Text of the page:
In general, in the design of the apparatus, the pump supply pressure is made equal to the ambient pressure at maximum depth. The return pressure at the pump inlet is set at 3000 psi below the supply pressure and the ratio of rod to piston area, a/A, is then selected to accomplish this.

For a maximum operating depth of 20270 feet, previously described, the ambient pressure is 9000 psi, the pump supply pressure is 9000 psi, the return pressure is 6000 psi and the ratio of a/A is 2/3.

By way of further example, for a maximum operating depth of 10135 feet, the ambient pressure is 4500 psi, the pump supply pressure would be 4500 psi, the return pressure 1500 psi and the ratio of a/A would be 1500/4500 or 1/3.

Accordingly, the improved hydraulic circuit described operates at pressures at and below the ambient water pressure and achieves the acoustic isolation of the prior art system of FIG. 2 with far less complexity and fewer components. In addition, it is known that the viscosity of the hydraulic fluid increases with pressure, and elastomers used for seals become stiffer. Both of these effects are reduced with the present arrangement since the maximum pressure is reduced from 12,000 psi to 9,000 psi.

Patent Citations
Cited PatentFiling datePublication dateApplicantTitle
US3100965 *Sep 29, 1959Aug 20, 1963Charles M BlackburnHydraulic power supply
US3161028 *Jun 13, 1961Dec 15, 1964Banks Robert HBuoyancy adjusting device for swimmers
US3469555 *Oct 6, 1967Sep 30, 1969United Aircraft CorpUnderwater power plant
US3643449 *Sep 2, 1969Feb 22, 1972Wiremold CoVariable buoyancy arrangement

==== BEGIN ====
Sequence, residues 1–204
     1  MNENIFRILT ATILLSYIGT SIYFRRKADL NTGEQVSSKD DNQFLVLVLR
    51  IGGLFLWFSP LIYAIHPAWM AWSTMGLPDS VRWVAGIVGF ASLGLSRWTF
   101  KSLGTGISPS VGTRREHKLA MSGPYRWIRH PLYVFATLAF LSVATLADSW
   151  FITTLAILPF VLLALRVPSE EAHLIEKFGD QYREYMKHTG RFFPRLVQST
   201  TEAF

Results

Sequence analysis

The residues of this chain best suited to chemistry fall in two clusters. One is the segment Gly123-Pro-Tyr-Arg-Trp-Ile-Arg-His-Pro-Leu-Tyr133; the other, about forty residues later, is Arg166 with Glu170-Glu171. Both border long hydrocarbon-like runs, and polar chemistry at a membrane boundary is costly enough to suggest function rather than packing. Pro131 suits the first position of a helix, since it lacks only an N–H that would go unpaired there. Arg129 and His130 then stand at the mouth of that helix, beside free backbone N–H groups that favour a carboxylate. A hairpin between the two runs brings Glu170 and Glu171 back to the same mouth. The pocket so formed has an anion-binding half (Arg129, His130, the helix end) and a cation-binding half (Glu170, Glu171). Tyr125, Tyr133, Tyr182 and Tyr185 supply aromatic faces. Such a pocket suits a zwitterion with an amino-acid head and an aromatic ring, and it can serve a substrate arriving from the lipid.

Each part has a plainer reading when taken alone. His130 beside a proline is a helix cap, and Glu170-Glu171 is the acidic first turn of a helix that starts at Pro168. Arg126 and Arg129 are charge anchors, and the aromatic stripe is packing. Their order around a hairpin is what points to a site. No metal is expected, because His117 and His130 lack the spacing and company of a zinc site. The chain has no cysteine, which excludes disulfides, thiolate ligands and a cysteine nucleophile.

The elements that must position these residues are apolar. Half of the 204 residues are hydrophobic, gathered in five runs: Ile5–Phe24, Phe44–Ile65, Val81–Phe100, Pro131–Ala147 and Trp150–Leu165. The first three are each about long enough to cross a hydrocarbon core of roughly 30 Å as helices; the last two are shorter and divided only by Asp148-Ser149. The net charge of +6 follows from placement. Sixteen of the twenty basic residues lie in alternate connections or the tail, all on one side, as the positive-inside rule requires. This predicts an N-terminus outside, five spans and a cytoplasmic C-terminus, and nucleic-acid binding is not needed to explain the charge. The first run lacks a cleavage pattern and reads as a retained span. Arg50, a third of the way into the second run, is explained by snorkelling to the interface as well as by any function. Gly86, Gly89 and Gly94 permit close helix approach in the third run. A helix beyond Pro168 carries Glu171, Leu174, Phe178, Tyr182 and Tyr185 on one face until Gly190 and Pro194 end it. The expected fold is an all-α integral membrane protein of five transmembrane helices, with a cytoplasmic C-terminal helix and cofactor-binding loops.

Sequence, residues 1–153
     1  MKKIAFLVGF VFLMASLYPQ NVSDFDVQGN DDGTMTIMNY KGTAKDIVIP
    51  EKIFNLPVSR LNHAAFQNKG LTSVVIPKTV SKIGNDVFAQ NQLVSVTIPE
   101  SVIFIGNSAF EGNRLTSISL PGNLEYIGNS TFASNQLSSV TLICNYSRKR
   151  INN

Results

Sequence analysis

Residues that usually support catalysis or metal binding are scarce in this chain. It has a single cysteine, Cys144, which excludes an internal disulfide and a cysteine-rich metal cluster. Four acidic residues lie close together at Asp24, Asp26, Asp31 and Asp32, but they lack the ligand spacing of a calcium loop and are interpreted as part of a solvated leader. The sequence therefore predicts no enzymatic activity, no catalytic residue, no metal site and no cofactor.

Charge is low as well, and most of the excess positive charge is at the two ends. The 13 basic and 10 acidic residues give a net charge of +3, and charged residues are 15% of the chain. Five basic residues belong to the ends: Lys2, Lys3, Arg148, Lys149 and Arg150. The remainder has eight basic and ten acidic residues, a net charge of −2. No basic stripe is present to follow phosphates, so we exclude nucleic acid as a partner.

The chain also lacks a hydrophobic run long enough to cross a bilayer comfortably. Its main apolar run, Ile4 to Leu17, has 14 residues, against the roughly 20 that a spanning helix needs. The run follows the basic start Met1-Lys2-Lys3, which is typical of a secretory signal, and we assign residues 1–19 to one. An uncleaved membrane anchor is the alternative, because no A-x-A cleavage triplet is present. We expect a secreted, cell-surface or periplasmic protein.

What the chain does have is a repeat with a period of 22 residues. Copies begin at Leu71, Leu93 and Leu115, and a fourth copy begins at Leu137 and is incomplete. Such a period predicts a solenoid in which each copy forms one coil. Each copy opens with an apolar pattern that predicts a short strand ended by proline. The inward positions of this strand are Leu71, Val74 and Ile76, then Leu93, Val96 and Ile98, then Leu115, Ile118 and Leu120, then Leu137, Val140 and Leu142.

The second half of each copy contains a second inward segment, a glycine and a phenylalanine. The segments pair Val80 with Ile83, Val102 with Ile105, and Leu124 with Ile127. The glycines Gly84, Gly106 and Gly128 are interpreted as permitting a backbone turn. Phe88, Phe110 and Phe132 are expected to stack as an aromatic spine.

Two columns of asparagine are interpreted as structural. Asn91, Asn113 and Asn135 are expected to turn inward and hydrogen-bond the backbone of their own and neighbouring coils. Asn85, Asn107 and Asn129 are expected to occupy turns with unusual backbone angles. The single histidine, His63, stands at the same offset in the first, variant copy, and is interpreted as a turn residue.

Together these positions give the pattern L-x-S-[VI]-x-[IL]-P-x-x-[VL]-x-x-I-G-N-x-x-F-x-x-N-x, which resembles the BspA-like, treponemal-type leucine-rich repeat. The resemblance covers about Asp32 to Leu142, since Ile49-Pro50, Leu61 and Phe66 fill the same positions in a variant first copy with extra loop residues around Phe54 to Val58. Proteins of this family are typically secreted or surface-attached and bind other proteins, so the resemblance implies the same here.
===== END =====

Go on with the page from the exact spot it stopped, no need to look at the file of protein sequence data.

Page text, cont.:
US4539814 *Feb 29, 1984Sep 10, 1985Mckie Robert THydraulic carriage drive system
Referenced by
Citing PatentFiling datePublication dateApplicantTitle
US6250199 *Apr 27, 1999Jun 26, 2001Deep Oil Technology, IncorporatedSubsea power module
US6393839 *Nov 10, 1999May 28, 2002Luk Fahrzeug-Hydraulik Gmbh & Co. KgPressurized medium delivery device
Classifications
U.S. Classification60/325, 91/4.00R, 60/415, 60/459, 114/315, 440/5
International ClassificationB63G8/34
Cooperative ClassificationB63G8/34
European ClassificationB63G8/34
Legal Events
DateCodeEventDescription
Apr 25, 1994ASAssignment
Owner name: WESTINGHOUSE ELECTRIC CORPORATION, PENNSYLVANIA
Free format text: ASSIGNMENT OF ASSIGNORS INTEREST;ASSIGNOR:SOMERS, GEORGE W.;REEL/FRAME:006982/0492
Effective date: 19940413
Jul 16, 1996ASAssignment
Owner name: NORTHROP GRUMMAN CORPORATION, CALIFORNIA
Free format text: ASSIGNMENT OF ASSIGNORS INTEREST;ASSIGNOR:WESTINGHOUSE ELECTRIC CORPORATION;REEL/FRAME:008104/0190
Effective date: 19960301
Nov 20, 1998FPAYFee payment
Year of fee payment: 4
Dec 11, 2002REMIMaintenance fee reminder mailed
May 23, 2003LAPSLapse for failure to pay maintenance fees
Jul 22, 2003FPExpired due to failure to pay maintenance fee
Effective date: 20030523